Rushed Elections Could Backfire in Central African Republic

Rushed Elections Could Backfire in Central African Republic
French peacekeeping soldiers patrol the city of Bangui, Central African Republic, Sept. 30, 2015 (AP photo).

A new date of Dec. 13 has been set for national elections in the Central African Republic, after the vote was postponed again last month due to renewed violence. A constitutional referendum, which was also scheduled for October, will now be held on Dec. 6. However, there are many who fear the electoral process is being rushed.

Legislative and presidential elections were originally scheduled to take place in February 2015, but were repeatedly delayed due to security concerns and the failure to register all voters. Another outbreak of deadly violence in the capital, Bangui, in late September—in which at least 77 people were killed, 300 injured and 40,000 people displaced—forced the latest delay last month.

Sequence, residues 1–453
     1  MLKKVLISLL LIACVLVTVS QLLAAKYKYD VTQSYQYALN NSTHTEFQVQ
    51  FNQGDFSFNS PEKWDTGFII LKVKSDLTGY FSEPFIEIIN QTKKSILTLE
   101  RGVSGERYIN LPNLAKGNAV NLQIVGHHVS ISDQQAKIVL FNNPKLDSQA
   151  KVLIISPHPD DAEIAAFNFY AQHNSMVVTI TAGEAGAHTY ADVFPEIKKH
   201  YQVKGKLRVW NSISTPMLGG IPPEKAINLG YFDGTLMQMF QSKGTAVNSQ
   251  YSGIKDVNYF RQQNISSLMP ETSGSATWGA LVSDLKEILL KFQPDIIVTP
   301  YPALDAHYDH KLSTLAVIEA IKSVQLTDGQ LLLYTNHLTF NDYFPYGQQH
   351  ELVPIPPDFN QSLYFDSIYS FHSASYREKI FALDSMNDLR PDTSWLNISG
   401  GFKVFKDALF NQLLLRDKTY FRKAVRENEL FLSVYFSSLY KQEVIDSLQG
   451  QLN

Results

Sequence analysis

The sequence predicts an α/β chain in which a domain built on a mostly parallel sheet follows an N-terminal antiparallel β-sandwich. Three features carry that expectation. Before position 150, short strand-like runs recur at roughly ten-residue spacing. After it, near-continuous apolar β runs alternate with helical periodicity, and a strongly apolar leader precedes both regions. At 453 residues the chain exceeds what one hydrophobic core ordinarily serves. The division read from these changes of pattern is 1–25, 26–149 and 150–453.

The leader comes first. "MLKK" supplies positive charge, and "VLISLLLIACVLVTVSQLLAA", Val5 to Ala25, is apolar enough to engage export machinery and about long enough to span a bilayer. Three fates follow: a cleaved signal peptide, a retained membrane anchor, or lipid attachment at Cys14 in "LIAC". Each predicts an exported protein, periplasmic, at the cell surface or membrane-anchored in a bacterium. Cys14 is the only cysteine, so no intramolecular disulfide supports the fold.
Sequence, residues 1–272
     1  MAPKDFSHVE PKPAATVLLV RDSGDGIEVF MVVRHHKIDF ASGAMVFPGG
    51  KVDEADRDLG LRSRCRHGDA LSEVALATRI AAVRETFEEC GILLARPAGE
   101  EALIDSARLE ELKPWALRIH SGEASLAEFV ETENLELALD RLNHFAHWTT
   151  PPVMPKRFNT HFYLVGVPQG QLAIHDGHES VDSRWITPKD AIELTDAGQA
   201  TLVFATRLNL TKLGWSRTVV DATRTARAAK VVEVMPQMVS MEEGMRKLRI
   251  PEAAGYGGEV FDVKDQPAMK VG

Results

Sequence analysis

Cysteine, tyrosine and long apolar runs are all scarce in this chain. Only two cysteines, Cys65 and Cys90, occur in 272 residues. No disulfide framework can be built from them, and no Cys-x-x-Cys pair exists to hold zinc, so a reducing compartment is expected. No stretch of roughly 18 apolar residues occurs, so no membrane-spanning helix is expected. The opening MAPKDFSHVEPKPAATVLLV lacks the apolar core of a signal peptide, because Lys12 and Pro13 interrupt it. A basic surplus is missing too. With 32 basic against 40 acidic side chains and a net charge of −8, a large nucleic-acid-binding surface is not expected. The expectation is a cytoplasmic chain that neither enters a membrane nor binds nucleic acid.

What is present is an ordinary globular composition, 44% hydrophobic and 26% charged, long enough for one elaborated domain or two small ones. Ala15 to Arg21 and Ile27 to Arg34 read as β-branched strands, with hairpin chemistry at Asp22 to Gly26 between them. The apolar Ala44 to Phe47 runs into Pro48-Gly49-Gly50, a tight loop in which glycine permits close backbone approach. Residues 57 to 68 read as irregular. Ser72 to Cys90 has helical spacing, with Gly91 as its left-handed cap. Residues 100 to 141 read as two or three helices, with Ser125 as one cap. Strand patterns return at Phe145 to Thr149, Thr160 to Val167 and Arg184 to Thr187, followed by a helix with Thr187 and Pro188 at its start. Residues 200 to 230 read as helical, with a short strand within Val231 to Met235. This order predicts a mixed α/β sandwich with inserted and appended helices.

The mandate for CAR’s political transition, which established a temporary government after the overthrow of President Francois Bozize by the Seleka rebel group in 2013, is due to expire on Dec. 31. The international community, in particular France, has been pushing for the country to hold elections as soon as possible in order to bring that transition to an end.

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